It’s not an entirely subconscious decision although I admit that books had this irresistible charm for me. You’ve probably read in my past posts how my childhood was with regard to books. Anyway, in high school, I hung around the high school library during my break times instead of mingling with my classmates. I liked walking around the cramped spaces between the shelves and reading the titles that jumped from the spines. I picked titles that caught my interest and read random pages. I borrowed books every week. I actually didn’t read them. Silly, I know, but I just liked having a borrowed library book in my bag.

Tales with the Librarian

I became friends with the librarian. She must have been in her mid 20s during that time when my face was encrusted with zits. She asked for my help to organize the Junior Librarians’ Club. She made sure that I will be elected among the officers. I became the treasurer. We organized field trips to libraries of different high schools and interacted with their library clubs, if any. We asked members to be student aides of our library at least once a month. We were a small but thriving club, and when our number started to grow, I decided that I wanted to be a reader. A real reader.

This decision coincided with the time I finished reading To Kill a Mockingbird by Harper Lee. What beauty! What wonder! What books should I read next to give me these visions and feelings? I stayed longer hours at the library. I went there immediately after my last class and read at a corner until our librarian told me to pack up. We would sometimes walk together until the gate. Sometimes, she would buy me a banana cue. I think I may have had a crush on her.

But that is entirely beside the point. I was happy that I was actually reading the books that I borrowed. I didn’t incur penalties for overdue books because our librarian saw that I was really reading. I am a slow reader, you see, owing to the intrusive narrator in my head, but I no longer mind that narrator now.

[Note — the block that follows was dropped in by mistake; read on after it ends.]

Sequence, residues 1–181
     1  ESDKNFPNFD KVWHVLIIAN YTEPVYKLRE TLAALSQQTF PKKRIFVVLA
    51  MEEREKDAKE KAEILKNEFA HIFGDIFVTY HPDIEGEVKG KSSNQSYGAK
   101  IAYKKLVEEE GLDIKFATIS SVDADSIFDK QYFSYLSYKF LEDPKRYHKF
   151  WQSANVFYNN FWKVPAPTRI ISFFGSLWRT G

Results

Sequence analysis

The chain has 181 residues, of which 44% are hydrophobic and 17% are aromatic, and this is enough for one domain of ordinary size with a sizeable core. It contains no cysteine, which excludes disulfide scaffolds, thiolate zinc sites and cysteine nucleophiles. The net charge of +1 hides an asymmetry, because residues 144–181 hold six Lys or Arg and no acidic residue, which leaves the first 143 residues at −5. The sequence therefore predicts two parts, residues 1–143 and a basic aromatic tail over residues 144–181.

Borrowing Burrowed

There came a time when I didn’t want to borrow books anymore, and that’s because I wanted to own the books that I read. I grew up in a town where there was no decent book store during the late 90s. The books available were limited to romance bestsellers. I bought some titles with what money I could save from my allowance.

I wish I remember the first book that I bought with my own money, but as one book became two books and these two became the foundation of a book stack, I couldn’t suppress the happiness that I felt by merely looking at them. I always told myself, someday, I will have more. Someday, I will have a shelf. Someday, I will have a library.

Buying Blast

These fantasies were not immediately fulfilled because as a student who was entirely dependent to low-income parents, my bookish whims could not be instantly granted. When shopping malls with decent book stores started to be erected in our town, I was ecstatic. One of those book stores that opened was Book Sale. It is a secondhand book store that would thrill any book hunter. One has to dig through its bins and stacks in the hopes of finding a treasure. It really is book hunting.

Thanks to Book Sale, my meager allowance allowed me to eat at school, buy any school requirements, and buy books. At the end of one semester, I have amassed a tall stack of books. It wouldn’t stop growing. An additional stack sprouted. I couldn’t catch up with my reading, what with my studies and all that jazz, but it was a happy problem.

After I finished school and lived independently, I still continued to visit any Book Sale branch that I would come across my way. I also started buying brand new books without having to worry that my allowance wouldn’t be enough. I’ve been buying so many books that I forgot to buy clothes and shoes and, sometimes although rarely, food. There was a time when my stacks of books collapsed on me while I was sleeping. That was a problem.

Shelf Life

I was reluctant to buy a book shelf because I move around a lot. But what if my books fall all over me again? What if it becomes lethal? So I bought a book shelf. The second someday that I was telling myself when I was younger became true out of necessity.

I may need a new book shelf if I continuously hoard. I still buy books and I always will, so long as I have money and so long as I can go to a book store, but I don’t hoard as aggressively as I did before. I don’t think I should worry about another book shelf. My book shelf is serving me well. It keeps my books organized, sort of, and it houses my most prized possessions.

Biblio Blog

Without my books, there would probably be no Book Rhapsody. I’d probably be blogging about something else, that’s for sure, but thank heavens that I am a book blogger. This blog documents the lives of my books, and writing their biographies is something that I would like to do for a long, long time. That’s how much I value my possessions. I’d read them and squeeze my brains to write about them. My life may get in the way, but hey, I made it. I am still here.